The unnamed narrator of Jenny Offill’s acclaimed 2014 novel Dept of Speculation never wanted to get married. Instead, her plan was “to be an art monster” — someone who concerns herself only with art, not with “mundane things”.
Though she succeeds in publishing a book before her 30th birthday, the mundane intervenes soon enough, in the form of a husband with a flair for DIY and a baby whose marathon crying fits subside only when she’s pushed around a harshly lit neighbourhood pharmacy in her stroller.
Offill’s trick in Dept of Speculation was to make the familiar — in this case, the novel of thwarted artistic ambition — unfamiliar. This was a very unusual kind of domestic drama, arranged as a series of semi-discrete paragraphs and fragments of varying lengths, each of which hummed with a strange self-contained energy and power of its own.
In an interview, Offill said she had sought a fresh form for that book (her 1999 debut novel Last Things was a more conventional exploration of marital turmoil), one that was influenced as much by poetry and the essay as it was by more standard fictional prose. Her new novel Weather employs the same techniques as its predecessor (in the process evincing a similarly incantatory and lapidary quality), albeit to somewhat different ends.
The effect of the radically discontinuous structure of Dept of Speculation was to create what one critic called an “undertow of anguish”. Offill said she was much less interested in plot than in the creation of a “sense of momentum, of emotional velocity”. Weather has a comparable thickness of atmosphere, though the anguish that suffuses the new book is as much public or political as it is private or personal.
Halfway through the novel, we see Lizzie, the narrator, staying up all night with her husband Ben to watch television coverage of Donald Trump’s 2016 election victory. Lizzie, a 40-ish mother of one and a librarian at the university where she’d been a graduate student, compares the atmosphere to an earlier political emergency. “It was the same after 9/11,” she says. “There was that hum in the air. Everyone was talking about the same thing. In stores, in restaurants, on the subway.”
One of Offill’s touchstones as a writer is Renata Adler’s 1976 novel Speedboat, which pioneered the kind of episodic plotlessness that she has made her own. The American writer Donald Barthelme observed that Adler’s book offered “glimpses into the special oddities and new terrors of contemporary life”. One might say the same about Weather.
As well as working in the library, Lizzie moonlights as an amanuensis for Sylvia, a former professor of hers who now hosts a wildly successful podcast that generates a mailbag more voluminous than she can cope with on her own. It has episodes with titles such as “The Center Cannot Hold”. “They could all be called that,” Lizzie remarks mordantly. “But Sylvia’s voice is almost worth the uptick in dread. It’s soothing to me, even though she talks only of the invisible horsemen galloping towards us.”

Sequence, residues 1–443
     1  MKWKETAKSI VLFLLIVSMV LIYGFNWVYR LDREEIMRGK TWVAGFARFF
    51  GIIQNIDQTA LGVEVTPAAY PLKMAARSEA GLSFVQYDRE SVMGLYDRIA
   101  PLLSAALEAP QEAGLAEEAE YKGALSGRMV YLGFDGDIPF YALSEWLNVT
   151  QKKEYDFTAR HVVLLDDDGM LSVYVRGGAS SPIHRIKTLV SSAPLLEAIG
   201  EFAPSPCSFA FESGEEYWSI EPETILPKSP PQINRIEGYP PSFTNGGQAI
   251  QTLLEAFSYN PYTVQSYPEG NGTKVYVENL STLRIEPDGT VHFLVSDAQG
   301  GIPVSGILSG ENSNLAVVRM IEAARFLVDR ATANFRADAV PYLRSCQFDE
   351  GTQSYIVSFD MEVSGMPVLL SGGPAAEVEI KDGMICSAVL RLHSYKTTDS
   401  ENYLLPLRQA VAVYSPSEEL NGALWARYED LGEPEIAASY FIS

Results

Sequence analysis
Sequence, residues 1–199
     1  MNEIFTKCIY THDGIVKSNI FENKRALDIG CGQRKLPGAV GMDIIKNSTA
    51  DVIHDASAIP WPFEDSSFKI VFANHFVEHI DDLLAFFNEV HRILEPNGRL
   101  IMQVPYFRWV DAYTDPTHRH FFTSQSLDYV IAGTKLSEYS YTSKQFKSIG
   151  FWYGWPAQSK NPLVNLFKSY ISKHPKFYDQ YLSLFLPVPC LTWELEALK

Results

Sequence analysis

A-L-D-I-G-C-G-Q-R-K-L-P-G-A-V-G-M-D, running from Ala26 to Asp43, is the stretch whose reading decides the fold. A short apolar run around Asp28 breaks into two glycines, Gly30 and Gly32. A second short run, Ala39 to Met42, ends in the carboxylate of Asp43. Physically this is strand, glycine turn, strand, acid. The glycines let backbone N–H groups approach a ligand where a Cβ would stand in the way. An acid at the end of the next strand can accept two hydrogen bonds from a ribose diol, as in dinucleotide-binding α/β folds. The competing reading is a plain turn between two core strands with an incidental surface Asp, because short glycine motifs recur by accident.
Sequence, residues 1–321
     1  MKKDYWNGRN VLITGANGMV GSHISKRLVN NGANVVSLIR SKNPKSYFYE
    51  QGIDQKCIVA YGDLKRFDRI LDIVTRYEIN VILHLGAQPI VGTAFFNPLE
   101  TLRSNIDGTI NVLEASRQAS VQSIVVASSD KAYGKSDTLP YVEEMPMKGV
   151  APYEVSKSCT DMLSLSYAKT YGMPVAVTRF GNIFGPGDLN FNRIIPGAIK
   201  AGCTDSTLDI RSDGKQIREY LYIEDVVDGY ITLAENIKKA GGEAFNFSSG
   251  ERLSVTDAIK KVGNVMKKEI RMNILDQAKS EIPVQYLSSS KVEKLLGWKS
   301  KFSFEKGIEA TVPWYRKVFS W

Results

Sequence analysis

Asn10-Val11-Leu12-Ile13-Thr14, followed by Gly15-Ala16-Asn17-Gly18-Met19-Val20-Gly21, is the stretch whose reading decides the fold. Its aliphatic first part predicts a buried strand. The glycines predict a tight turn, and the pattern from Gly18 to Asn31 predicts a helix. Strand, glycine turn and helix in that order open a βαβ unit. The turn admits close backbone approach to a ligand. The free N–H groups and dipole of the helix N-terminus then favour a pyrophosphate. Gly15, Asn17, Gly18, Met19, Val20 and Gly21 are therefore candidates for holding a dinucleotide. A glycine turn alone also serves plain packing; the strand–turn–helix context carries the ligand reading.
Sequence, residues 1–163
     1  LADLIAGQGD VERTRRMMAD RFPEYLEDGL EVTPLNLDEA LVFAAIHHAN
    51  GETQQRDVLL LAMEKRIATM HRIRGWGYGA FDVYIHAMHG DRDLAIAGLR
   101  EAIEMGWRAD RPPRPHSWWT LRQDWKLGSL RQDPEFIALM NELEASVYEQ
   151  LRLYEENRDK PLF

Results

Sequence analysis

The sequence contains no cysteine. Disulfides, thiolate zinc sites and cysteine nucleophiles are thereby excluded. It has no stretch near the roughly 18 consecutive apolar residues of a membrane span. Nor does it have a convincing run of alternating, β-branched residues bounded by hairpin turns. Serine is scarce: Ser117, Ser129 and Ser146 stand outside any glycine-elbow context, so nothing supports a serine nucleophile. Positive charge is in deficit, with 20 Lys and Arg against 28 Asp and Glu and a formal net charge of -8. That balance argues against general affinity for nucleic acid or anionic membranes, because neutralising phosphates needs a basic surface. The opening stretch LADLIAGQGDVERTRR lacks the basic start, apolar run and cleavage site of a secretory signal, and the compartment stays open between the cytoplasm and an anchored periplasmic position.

That “uptick in dread” that working for Sylvia delivers soon becomes a permanent miasma of planetary angst. When Lizzie is not meeting Silicon Valley transhumanists who hope the species will soon “shed these burdensome bodies and become part of the singularity”, she’s answering letters on her employer’s behalf about the threat of climate change or the imminent collapse of western civilisation.
It’s not all Weltschmerz, however. Like Dept of Speculation, Weather is, as Offill once put it, “funny as well as sad”. When Lizzie takes her son to a dollar store, he asks: “Who made all these things?” “The Invisible Hand,” she replies.
Offill also rewards her narrator with a nice line in homespun wisdom about relationships. A series of (chaste) encounters with a handsome war reporter that she allows herself when Ben is away prompts the following reflection: “Funny how when you’re married all you want is to be anonymous to each other again, but when you’re anonymous all you want is to be married and reading together in bed.”
There is less marital strain or motherly ambivalence in this book than in the earlier one. The emotional counterpoint to all the gloom about the future of the republic and the species is provided by Lizzie’s brother Henry, a recovering heroin addict and reluctant father. After getting high again and hooking up with an old girlfriend, he is served with divorce papers by his wife. Henry moves in with Lizzie and Ben, and she is reminded again of what a terrible roommate he is.
Near the end of the novel, we see Henry pacing back and forth in the room above Lizzie’s. He’s trying to wear himself out, she thinks, or else he’s trying to wear his baby daughter out. “Either is fine,” she concludes, “because nobody’s crying.”
Sometimes, that’s the best we benighted creatures can hope for. But, Lizzie (and Offill) seem to be telling us, it’s not nothing either.
Weather, by Jenny Offill, Granta, RRP£12.99/Knopf, RRP$23.95, 224 pages
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